- Maple Brown Sugar Cookies
- Gingerbread Whoopie Pies
- Oatmeal Raisin Cookies
- White Chocolate Chai Spice Snickerdoodles
Chocolate chip cookies get an extra burst of flavor with cinnamon-spiced and brown sugared Biscoff spread, also known as Speculoos. Chilling the dough is imperative because it helps the flavors develop and prevents over-spreading.
- 1/2 cup (115g) unsalted butter, softened to room temperature
- 1/2 cup (100g) granulated sugar
- 1/2 cup (100g) packed light or dark brown sugar
- 1 large egg, at room temperature
- 1 large egg yolk, at room temperature
- 2 teaspoons pure vanilla extract
- ½ cup (130g) Biscoff spread (or Trader Joe’s Speculoos Cookie Butter)
- 2 cups (250g) all-purpose flour (spoon & leveled)
- 1 teaspoon baking soda
- 1 teaspoon cornstarch
- 1/2 teaspoon ground cinnamon
- 1/2 teaspoon salt
- 1 and 1/4 cups (225g) semi-sweet chocolate chips
- In a large bowl using a hand-held mixer or stand mixer fitted with a paddle attachment, beat the butter for 1 minute on medium speed until completely smooth and creamy. Add the granulated sugar and brown sugar and beat on medium high speed until fluffy and light in color. Beat in egg, egg yolk, and vanilla extract on high speed. Scrape down the sides and bottom of the bowl as needed. On high speed, beat in the Biscoff spread until completely combined.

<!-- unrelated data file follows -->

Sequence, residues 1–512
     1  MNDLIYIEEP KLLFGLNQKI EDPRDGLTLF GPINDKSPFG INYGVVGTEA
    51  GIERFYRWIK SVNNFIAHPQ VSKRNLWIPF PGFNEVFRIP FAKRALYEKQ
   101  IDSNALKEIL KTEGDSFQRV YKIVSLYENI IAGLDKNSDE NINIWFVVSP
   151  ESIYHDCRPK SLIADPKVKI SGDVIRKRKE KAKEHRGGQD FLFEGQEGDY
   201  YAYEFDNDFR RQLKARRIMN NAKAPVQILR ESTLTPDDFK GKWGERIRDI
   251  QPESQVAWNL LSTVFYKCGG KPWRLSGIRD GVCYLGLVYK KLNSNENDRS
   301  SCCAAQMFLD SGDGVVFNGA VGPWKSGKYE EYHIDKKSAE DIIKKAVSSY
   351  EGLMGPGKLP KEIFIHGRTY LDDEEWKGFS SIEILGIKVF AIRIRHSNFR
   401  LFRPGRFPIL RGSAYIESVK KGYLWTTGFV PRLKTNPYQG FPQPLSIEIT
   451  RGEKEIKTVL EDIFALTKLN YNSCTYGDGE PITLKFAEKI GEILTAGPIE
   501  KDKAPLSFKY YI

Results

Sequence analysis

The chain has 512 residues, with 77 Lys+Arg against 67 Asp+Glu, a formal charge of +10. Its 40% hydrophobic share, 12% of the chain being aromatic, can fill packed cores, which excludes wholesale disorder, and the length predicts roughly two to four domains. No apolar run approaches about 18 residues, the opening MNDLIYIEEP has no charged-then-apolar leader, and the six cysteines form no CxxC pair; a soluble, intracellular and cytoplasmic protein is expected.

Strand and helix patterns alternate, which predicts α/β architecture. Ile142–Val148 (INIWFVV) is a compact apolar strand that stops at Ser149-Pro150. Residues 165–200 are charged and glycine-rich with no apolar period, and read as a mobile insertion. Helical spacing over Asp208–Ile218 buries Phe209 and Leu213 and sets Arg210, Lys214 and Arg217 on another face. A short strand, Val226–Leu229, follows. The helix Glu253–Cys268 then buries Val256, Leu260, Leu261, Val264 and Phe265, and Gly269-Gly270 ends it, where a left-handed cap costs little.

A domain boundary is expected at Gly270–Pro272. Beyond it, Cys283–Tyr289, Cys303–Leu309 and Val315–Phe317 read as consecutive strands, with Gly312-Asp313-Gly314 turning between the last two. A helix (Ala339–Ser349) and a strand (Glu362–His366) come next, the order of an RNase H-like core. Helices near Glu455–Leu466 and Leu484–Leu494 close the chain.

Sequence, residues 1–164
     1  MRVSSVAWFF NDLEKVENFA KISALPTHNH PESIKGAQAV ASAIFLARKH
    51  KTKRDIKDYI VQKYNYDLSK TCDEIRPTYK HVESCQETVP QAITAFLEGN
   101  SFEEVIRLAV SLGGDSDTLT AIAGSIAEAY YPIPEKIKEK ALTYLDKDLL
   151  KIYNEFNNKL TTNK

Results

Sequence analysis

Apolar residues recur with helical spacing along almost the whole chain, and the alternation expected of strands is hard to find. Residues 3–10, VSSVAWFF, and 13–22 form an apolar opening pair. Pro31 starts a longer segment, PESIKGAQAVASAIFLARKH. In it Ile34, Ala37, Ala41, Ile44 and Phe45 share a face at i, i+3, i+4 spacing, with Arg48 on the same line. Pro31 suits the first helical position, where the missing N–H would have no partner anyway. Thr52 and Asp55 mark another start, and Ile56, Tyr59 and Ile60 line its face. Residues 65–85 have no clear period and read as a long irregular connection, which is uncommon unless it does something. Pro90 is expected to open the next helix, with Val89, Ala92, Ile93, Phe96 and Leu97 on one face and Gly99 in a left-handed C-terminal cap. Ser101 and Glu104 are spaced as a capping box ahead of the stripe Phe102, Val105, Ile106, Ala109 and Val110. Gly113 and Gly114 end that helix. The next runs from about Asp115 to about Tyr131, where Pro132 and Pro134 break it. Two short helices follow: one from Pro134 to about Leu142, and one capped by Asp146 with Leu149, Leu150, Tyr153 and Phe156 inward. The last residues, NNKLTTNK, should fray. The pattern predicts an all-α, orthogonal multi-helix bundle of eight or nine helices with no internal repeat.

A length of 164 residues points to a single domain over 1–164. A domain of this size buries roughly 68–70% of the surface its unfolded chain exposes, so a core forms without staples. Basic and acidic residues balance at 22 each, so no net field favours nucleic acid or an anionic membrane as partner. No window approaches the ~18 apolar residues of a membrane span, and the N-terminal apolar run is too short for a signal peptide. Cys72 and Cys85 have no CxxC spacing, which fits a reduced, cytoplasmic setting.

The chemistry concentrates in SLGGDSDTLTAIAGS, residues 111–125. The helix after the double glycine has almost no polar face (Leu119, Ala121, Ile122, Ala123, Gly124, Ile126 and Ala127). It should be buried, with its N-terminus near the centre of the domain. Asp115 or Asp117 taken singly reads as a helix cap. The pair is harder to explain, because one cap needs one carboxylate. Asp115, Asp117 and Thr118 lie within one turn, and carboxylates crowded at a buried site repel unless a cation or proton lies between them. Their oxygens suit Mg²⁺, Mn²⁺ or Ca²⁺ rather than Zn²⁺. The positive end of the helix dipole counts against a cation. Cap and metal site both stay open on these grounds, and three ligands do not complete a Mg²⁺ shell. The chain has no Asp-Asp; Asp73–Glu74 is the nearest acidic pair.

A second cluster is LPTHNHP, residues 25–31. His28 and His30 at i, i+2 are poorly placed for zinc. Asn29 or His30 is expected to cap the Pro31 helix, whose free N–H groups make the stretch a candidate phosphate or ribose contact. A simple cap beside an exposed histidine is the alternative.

- In a separate bowl, whisk the flour, baking soda, cornstarch, cinnamon, and salt together until combined. On low speed, slowly mix into the wet ingredients until combined. Switch to high speed and beat in the chocolate chips. The cookie dough will be a little sticky. Cover dough tightly with aluminum foil or plastic wrap and chill for at least 3 hours and up to 3 days. Chilling is mandatory for this cookie dough. I always chill mine overnight.
- Remove cookie dough from the refrigerator and allow to sit at room temperature for 20 minutes. If the cookie dough chilled longer than 3 hours, let it sit at room temperature for about 30 minutes. This makes the cookie dough easier to scoop and roll.
- Preheat oven to 350°F (177°C). Line two large baking sheets with parchment paper or silicone baking mats. (Always recommended for cookies.) Set aside.
- Scoop and roll balls of dough, about 1.5 Tablespoons of dough each, into balls and place on the baking sheets.
- Bake the cookies for 9-10 minutes. Be sure to rotate the pan once or twice during bake time. The baked cookies will look extremely soft in the centers when you remove them from the oven; they will continue to “set” as they cool. Allow to cool for 5 minutes on the cookie sheet. Transfer to cooling rack to cool completely.
- Make Ahead & Freezing Instructions: Cookies stay fresh covered at room temperature or in the refrigerator for up to 1 week. Baked cookies freeze well, up to three months. Cookie dough balls freeze well too, up to three months. Bake frozen cookie dough balls for about 11 minutes. No need to thaw them. For more information, read my tips on freezing cookie dough.
- Double Batch: This recipe can easily be doubled.
- Flour: We recently reduced the flour from 2 and 1/4 cups to 2 cups (as reflected in the recipe). The cookies no longer taste dry and hold together much better.
Keywords: biscoff chocolate chip cookies, cookies